After more than two years of data collection and analysis, a team of researchers, including Colorado College Assistant Professor of Political Science Dana Wittmer, has published the first-ever report on the effectiveness of anti-human trafficking efforts in the United States. The release of the report coincides with Human Trafficking Awareness Month.
Wittmer collaborated with colleagues from Northeastern University and Texas Christian University in the National Institute of Justice-funded study, titled “Identifying Effective Counter-Trafficking Programs and Practices in the U.S.: Legislative, Legal, and Public Opinion Strategies that Work.” The three core objectives of the report were to:
- Assess the effectiveness of state human trafficking laws by examining those aspects of state laws that lead to more human trafficking arrests and prosecutions
- Conduct an in-depth examination of the state cases in which suspects were charged specifically under the state human trafficking statute
- Examine American public opinion on human trafficking
A random sample of 2,000 Americans reveals that 90 percent of Americans understand that human trafficking is a form of slavery, and more than 80 percent of the public has “some” or “a lot” of concern about it.
“We also found that, while public concern leads to over half of the public believing that human trafficking should be a top government priority, it does not translate into personal action,” Wittmer said. “In other words, our results indicate that the public has not made the connection between how their own attitudes and behaviors help or hinder the movement against human trafficking.”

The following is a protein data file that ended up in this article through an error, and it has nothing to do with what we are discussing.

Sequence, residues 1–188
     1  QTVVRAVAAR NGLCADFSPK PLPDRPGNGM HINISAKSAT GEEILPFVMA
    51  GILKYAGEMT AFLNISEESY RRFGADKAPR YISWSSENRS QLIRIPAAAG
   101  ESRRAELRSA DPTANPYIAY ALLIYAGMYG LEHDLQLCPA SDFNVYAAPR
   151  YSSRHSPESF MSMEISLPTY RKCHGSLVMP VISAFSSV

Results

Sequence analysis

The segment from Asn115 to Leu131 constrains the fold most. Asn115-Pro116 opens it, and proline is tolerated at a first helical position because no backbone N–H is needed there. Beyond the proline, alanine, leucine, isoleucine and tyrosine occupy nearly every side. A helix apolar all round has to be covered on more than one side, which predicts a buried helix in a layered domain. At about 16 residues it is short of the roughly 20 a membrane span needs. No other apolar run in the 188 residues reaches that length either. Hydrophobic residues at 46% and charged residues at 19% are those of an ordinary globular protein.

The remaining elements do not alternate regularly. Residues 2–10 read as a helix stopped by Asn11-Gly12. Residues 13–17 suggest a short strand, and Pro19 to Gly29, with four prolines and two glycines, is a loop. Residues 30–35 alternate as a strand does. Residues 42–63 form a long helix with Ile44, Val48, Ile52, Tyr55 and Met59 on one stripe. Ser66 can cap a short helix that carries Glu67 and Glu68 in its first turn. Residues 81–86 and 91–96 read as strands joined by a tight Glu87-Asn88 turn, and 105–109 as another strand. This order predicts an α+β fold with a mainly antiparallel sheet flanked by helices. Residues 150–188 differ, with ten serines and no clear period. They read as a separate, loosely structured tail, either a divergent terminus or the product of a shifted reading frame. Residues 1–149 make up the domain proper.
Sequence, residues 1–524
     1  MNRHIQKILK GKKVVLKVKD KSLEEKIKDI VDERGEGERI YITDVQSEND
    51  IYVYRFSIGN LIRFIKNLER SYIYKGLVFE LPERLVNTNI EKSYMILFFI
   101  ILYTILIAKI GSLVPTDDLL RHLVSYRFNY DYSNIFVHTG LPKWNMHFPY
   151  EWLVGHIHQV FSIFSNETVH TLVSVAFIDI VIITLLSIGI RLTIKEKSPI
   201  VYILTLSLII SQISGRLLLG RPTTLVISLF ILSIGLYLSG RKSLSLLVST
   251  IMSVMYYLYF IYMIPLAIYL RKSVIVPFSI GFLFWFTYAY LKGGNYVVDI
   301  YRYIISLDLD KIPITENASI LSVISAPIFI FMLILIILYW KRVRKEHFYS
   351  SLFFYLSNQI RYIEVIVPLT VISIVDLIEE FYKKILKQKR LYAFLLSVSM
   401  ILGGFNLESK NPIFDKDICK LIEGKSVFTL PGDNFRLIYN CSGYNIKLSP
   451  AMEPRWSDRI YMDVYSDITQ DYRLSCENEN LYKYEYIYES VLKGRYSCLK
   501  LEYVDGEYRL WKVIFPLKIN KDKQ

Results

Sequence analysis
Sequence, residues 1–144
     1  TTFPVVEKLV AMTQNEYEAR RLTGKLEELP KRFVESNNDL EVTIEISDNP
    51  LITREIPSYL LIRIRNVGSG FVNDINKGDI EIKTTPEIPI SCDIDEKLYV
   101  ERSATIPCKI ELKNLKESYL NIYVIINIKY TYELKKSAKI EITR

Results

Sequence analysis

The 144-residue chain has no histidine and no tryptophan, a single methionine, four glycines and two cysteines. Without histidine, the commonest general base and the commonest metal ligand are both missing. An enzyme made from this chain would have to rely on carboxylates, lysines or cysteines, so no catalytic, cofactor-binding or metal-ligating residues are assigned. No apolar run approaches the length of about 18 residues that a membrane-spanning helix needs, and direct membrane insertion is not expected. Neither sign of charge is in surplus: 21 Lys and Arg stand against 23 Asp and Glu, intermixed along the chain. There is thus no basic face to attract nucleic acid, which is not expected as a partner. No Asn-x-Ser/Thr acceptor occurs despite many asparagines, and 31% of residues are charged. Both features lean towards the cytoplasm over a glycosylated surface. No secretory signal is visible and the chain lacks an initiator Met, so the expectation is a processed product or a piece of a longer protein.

According to the International Labor Organization, human trafficking, which includes commercialized sexual exploitation, forced labor, and domestic servitude, denies freedom to some 20 million people around the world. Fifty-five percent are women and girls. Twenty-six percent are children. The Polaris Project, a nongovernmental organization that works to combat modern-day slavery and human trafficking, estimates that the total number of human trafficking victims in the U.S. alone reaches into the hundreds of thousands.
The ground-breaking report was released Monday, Jan. 25 by the National Institute of Justice, which funded the research with a $339,001 grant.